The response to last week’s “” blog post has been wonderful. Based on the number of Facebook recommendations and other comments and messages sent to me it is the most-read installment of this blog to date. I realized something that I should have known all along: people like to read about people. So, I have decided to put the academics of the legislative process aside for awhile and focus on some stories from the past eighteen years that have touched the hearts of those in our office. Some of the stories we have heard lead to successful outcomes for many. In certain instances, Sen. Fasano filed pieces of legislation to help right a wrong.
When any one of us takes our vehicle into an auto repair shop, we fully trust that the people who work there know what they are doing. We usually pay our bill and drive off without another thought of the work that was done on our car or truck. Unfortunately, for one of our constituents, once he pulled out of a repair shop’s parking lot, there wasn’t much time to think about his repair or anything else for that matter.
In 2001, a Pasco man brought his car into a local shop (which is no longer in business, by the way) to have some work done on his car. After picking up his car, the gentleman was driving his newly repaired vehicle home to his wife and children when one of the wheels suddenly fell off causing him to lose control of the car. The car went off the road and he was killed in the crash that resulted.
Following the crash investigation, the shop owner was not held criminally liable, even though it was determined that the wheel had not been properly tightened. However, his widow wanted to hold the shop owner to account so she decided to pursue civil action. Her attempt to exact some sort of justice ended when she learned that the repair shop owner did not carry liability insurance for the work performed on his premises.
Some people, often after a tragic event such as this, are driven to do something positive with their grief. Even though she realized the law as written would not benefit her, the victim’s widow knew that if she could change it others may not have to go through the same anguish that she had experienced. She came to our office seeking help, not for herself but for the unknown and nameless people who could one day find themselves in a similar situation. We were instantly struck by her genuine concern for people, especially considering those were people that she may never even meet. She asked Sen. Fasano to file legislation that would prevent what happened to her husband and her family from happening to someone else. The result was a bill that would require the approximately 22,000 auto repair shops in Florida to carry liability insurance. While doing research on this issue, we discovered that at one time repair shops were required to carry liability coverage but that provision was struck from law.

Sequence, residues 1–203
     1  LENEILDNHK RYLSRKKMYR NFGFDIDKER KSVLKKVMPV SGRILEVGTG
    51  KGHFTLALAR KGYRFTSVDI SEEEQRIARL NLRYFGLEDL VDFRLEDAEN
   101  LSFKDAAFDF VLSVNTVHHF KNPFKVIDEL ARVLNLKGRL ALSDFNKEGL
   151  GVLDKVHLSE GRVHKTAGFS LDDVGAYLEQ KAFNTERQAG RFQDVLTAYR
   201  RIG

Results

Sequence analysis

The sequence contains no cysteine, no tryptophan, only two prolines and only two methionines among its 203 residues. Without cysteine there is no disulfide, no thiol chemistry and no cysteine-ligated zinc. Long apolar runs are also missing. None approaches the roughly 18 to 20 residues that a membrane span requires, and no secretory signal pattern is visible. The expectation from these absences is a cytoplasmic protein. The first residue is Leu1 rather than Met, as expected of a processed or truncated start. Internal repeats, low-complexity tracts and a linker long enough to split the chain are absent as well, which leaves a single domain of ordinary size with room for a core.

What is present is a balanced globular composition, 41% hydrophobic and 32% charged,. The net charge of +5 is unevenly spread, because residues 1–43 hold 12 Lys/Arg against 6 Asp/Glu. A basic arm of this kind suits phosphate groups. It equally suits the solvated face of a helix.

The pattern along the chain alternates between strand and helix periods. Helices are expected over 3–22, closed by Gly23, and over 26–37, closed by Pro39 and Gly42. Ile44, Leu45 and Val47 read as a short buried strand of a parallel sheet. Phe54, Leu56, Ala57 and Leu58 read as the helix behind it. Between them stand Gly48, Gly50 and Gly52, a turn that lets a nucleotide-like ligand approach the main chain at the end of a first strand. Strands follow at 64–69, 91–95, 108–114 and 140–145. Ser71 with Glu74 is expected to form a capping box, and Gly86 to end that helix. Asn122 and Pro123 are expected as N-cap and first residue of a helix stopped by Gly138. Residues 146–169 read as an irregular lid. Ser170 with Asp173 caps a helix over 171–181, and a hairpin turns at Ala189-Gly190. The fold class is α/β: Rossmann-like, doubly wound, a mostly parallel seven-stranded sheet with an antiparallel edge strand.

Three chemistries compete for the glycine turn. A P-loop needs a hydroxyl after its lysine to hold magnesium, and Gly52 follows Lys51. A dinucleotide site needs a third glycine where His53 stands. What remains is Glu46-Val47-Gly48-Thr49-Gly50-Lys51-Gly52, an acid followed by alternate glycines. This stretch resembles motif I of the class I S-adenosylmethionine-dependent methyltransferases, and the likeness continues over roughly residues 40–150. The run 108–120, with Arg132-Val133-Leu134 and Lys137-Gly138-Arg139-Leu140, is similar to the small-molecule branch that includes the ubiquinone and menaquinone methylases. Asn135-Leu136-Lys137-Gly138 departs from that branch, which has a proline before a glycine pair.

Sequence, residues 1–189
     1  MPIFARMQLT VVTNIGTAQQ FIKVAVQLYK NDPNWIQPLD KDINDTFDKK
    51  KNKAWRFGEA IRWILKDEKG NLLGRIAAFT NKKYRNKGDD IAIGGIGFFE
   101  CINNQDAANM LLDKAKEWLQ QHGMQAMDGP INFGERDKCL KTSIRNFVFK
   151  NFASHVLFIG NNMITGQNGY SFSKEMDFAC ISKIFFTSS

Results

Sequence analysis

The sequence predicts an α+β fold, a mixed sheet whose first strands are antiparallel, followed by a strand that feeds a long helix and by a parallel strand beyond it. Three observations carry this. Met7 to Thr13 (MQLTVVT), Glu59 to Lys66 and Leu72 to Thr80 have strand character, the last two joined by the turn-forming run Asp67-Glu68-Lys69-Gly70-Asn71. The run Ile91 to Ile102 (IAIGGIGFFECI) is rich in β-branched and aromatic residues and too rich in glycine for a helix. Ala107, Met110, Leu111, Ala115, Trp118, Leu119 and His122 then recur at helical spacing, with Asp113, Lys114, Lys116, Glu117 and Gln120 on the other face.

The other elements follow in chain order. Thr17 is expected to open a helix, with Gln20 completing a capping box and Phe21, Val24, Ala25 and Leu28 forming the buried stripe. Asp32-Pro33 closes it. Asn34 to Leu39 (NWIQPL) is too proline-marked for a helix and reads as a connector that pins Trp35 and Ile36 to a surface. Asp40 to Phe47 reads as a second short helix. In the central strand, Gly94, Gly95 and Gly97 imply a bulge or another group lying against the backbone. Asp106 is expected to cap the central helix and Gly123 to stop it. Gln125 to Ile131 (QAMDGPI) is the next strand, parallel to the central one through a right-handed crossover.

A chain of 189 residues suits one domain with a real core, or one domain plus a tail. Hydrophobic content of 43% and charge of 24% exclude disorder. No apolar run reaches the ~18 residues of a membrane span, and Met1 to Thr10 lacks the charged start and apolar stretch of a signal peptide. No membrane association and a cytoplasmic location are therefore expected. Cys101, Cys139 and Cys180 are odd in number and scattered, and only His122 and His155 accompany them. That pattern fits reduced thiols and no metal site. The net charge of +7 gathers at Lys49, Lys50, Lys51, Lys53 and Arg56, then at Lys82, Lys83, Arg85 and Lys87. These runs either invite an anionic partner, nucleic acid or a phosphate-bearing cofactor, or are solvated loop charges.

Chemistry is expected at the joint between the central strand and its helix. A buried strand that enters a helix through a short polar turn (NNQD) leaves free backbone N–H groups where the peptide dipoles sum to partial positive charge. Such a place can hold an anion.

Once the bill was filed it immediately drew attention on many fronts. Named after the victim, “The Abelardo ‘Al’ Castillo Act” made his name something that would long be remembered in the halls of the Capitol. His widow, Marie, was a fierce advocate for every person who uses the services of an auto repair shop.
In 2006 the bill bearing her late husband’s name passed the Florida Senate. It required that when a motor vehicle repair shop applies for registration with the Florida Department of Agriculture and Consumer Services to operate a repair shop (and for any subsequent registration renewals) it must demonstrate that it carries $300,000 worth of liability insurance. Even though the Senate vote was unanimous that year, the reception was less enthusiastic when it made it to the Florida House of Representatives. The bill did not pass that chamber.
Even though it did not become law that year, or during any subsequent attempts, it did grab the attention of both the auto repair and the insurance industry. Sometimes the conversation that takes place during the discussion of a piece of legislation can be nearly as important as actually passing a bill. We later found that most larger shops and those affiliated with dealerships do have liability coverage even though they are not required to do so. The only way to know for certain is to ask the shop you frequent if they have the coverage or not.
Mr. Castillo’s widow remarried and eventually moved from Florida. Even from her new home in another state she still checks in from time to time to see how things are going. She is a committed advocate who deserves a great big “thank you” from everyone who drops their car off at a shop for repair work.
I welcome your questions about the legislative process, state government or any related matters. Please feel free to leave your questions in the comment section and I will answer them in an upcoming post. If there is a specific topic you would like me to write about please let me know as well. Thank you for your readership.